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    1. Usually, it's not TOO terribly hard for me to think of ten, but the past couple of weeks have been challenging topics, lol. The Help is one of the rare instances that I watched the movie before reading the book - a big no-no for me, but I hadn't even known the book existed until I saw the trailer for it. I couldn't wait to see it and dragged my grandma to the theaters with me that day, lol. Indeed, Viola was amazing, as was Octavia Spencer. You should try reading the book at some point. The movie sticks pretty close to the source material, but we all know the book is always better. ;)

      Oh, phew! I'm glad I wasn't the only one that fell into that trap. XD It IS easy to get swept up into the fandoms that everyone seems to be talking about, though. I really need to try to stop doing that. Everyone was talking about Fifty Shades of Grey and I ended up reading that one, too... And it was painful, lol.

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  2. I like your rational for these - it was hard to come up with a list this week! When it comes to Twilight, around the time the last book came out, a neighbor kid had me borrow all four of the books and had me read all of them. At the time I thought that the first was ok, the second nothing happened, the third one was actually alright, and the fourth one seemed like it was by an entirely different author. I only kept going because I didn't want to disappoint her, and she made it sound like they were the best things ever and I was just waiting for them to get there which they never did for me. Then she had me go see the first three movies with her, and that was just about too much...still haven't seen how the movies end!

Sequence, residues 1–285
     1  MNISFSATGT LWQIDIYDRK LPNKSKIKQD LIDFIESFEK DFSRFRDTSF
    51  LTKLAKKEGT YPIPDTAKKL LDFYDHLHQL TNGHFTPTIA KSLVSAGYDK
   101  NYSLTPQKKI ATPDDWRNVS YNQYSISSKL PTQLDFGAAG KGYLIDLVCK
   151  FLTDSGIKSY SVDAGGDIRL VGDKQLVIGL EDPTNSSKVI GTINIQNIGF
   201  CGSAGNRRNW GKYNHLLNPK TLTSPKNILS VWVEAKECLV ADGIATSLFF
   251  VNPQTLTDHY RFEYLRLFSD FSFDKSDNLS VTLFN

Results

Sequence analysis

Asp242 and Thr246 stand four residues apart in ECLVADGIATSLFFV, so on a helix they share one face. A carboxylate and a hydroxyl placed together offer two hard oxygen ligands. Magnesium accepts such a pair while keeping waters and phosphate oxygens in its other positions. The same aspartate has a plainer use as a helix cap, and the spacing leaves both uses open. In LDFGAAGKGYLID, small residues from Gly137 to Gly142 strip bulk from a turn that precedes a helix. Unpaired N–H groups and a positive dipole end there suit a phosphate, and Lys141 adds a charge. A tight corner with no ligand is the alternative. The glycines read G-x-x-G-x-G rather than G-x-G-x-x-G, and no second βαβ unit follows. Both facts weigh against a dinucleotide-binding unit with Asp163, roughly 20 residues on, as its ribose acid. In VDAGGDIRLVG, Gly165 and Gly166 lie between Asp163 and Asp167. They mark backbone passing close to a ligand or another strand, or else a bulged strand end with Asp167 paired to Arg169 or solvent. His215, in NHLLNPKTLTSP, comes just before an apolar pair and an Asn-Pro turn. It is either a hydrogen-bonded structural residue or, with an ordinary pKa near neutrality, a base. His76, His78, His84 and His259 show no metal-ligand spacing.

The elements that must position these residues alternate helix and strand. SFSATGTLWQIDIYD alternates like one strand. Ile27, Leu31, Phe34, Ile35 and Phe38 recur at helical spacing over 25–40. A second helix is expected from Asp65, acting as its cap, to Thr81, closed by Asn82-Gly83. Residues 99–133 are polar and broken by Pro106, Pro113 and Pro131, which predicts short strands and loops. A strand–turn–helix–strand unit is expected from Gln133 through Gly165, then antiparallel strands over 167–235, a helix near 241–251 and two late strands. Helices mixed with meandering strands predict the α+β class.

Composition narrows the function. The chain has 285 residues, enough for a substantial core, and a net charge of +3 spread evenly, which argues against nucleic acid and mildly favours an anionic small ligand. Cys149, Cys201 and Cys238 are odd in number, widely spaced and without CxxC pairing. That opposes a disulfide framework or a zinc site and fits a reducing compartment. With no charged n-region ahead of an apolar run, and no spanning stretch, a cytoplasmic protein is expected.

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    1. It really was! I haven't looked at next week's theme yet, but hopefully it will be easier, lol.

      At least you were pressured into reading it and didn't do so in your own volition. I have only myself to blame for reading them. XD I definitely agree with you, though. New Moon was soooo boring and a chore to get through. Even when I was "swept up in the hype," I remember asking myself, "When will something happen?!" And Breaking Dawn was just terrible in general and read like a fan fiction rather than the climactic end to a series. It was like even SHE couldn't chose which character to have Bella end up with, so let's just have her pop out a vamp baby spawn for Jacob to imprint on. Ugh!